Volatility Index

Updated on April 4, 2024
Article byNiti Gupta
Edited byNiti Gupta
Reviewed byDheeraj Vaidya, CFA, FRM

What is Volatility Index?

The volatility Index, abbreviated as VIX, indicates the expected volatility in the stock market and is based on S&P 500 index options based on a 30 days forward period. This index was created by Chicago’s Board Options Exchange and is also known as CBOE Volatility Index. It is a reliable measuring index for institutional sentiments. It also favors long and short puts.

Volatility Index

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Source: Volatility Index (wallstreetmojo.com)

When the VIX is low, it indicates low volatility in the market. On the contrary, a high VIX indicates high volatility and traders keep a close eye on this index to incorporate their volatility index trading accordingly. The most common strategy is to buy when the VIX is high and sell when it is low while considering other indicators and factors.

Key Takeaways

  • The volatility index (VIX) gauges anticipated stock market volatility by analyzing S&P 500 index options over a 30-day forward period. This index, often referred to as the CBOE Volatility Index originated from the Chicago Board Options Exchange.
  • Investors leverage the Volatility Index (VIX) to time their market transactions. By monitoring the trend of the volatility index, users can make informed decisions and capitalize on its insights.
  • An inverse correlation exists between the market and the VIX. When this connection holds for a specific duration, the prevailing stock direction is viewed as short-lived, suggesting potential unsustainability.
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How does the Volatility Index Work?

Volatility index or VIX is the measurement or an indicator of the volatility in the market. The Chicago Board of Options Exchange (CBOE) creates and tracks the VIX which shows the implied volatility of S&P 500 index options.

In the case of the stock marketStock MarketStock Market works on the basic principle of matching supply and demand through an auction process where investors are willing to pay a certain amount for an asset, and they are willing to sell off something they have at a specific price.read more the term volatility refers to a statistical measurement of the degree of change in the prices of stock market products over time.  The VIX calculated the expected volatility based on the call and put option prices of S&P 500 stocks. The weighted averageWeighted AverageThe weighted average formula is simply summing up the products of each value with its respective weightage. Here, more significance is given to the weightage of the values rather than the variables themselves.read more prices of the S&P 500 put, and call options are added together for several strike prices. The midpoints of the bid and ask pricesAsk PricesThe ask price is the lowest price of the stock at which the prospective seller of the stock is willing to sell the security he holds. In most of the exchanges, the lowest selling prices are quoted for the purpose of the trading. Along with the price, ask quote might stipulate the amount of security which is available for selling at the given stated price.read more of options are considered for index calculations.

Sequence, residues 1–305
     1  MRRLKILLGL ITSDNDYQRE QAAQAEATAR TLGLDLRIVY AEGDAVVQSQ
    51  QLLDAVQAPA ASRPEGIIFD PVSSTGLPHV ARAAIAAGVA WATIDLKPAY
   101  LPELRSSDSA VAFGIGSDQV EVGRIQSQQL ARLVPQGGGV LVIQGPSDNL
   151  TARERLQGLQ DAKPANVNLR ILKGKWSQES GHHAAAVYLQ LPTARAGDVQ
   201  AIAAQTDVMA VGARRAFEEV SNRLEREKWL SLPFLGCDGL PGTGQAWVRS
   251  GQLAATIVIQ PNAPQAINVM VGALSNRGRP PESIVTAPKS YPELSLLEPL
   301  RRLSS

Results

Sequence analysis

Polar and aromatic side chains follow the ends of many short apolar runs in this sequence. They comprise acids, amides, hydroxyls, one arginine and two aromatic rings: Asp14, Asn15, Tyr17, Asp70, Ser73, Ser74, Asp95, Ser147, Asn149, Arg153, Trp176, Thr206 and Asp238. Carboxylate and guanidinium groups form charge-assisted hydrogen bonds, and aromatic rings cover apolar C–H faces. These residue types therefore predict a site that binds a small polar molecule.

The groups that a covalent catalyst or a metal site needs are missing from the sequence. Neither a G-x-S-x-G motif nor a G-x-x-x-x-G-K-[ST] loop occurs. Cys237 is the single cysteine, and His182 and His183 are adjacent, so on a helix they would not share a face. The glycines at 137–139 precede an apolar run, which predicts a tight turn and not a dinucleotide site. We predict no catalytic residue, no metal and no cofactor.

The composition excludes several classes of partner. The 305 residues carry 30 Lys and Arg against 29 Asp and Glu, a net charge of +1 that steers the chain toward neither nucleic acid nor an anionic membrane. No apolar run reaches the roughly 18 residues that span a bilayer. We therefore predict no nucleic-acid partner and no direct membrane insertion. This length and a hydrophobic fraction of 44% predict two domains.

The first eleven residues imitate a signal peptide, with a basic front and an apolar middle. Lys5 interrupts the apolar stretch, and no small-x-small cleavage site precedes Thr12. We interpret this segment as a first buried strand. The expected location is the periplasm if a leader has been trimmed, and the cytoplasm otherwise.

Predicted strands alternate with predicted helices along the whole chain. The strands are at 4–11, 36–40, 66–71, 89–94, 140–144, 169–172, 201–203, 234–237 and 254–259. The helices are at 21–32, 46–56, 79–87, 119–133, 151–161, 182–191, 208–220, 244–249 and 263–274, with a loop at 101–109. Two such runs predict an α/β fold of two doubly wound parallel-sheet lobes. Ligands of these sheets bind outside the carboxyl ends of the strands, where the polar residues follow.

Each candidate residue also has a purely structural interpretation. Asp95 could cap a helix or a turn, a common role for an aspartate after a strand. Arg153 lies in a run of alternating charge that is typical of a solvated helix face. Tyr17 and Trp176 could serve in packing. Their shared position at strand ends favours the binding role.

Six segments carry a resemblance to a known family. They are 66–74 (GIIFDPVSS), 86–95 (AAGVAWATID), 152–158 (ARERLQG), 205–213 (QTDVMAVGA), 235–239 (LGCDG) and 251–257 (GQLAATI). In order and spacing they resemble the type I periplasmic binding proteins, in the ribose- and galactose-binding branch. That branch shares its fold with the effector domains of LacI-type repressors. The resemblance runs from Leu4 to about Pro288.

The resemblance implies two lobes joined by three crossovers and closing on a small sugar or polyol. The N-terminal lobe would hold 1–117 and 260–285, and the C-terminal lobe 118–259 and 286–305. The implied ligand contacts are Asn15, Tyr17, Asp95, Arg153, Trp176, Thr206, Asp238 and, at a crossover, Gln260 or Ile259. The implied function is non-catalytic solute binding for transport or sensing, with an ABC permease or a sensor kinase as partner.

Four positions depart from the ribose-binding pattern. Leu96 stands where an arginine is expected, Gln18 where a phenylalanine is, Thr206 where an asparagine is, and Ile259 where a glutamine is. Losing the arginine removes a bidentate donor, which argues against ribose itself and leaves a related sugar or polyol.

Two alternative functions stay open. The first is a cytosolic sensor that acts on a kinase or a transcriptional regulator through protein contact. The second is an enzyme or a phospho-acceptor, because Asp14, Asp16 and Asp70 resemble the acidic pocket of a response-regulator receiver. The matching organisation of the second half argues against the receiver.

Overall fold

The history of VIX can be traced back to 1993 when the Chicago Board Options Exchange (CBOE) announced the index launch. At that time, the index was measured as a weighted average of the implied volatility of the total eight options of the 30 days S&P 100 index. Later in the year 2003, CBOE worked in collision with Goldman Sachs and replaced the S&P 100 index with the S & P 500 index. Since then, the same method continues to be used to date. Further, futures and options were introduced for VIX trading in 2004 and 2006, respectively.

Two kinds of S&P options are considered for VIX, i.e., those that expire on the third Friday of every month and those that expire every Friday. The weighted average of the options prices is then calculated to determine the index value per CBOE.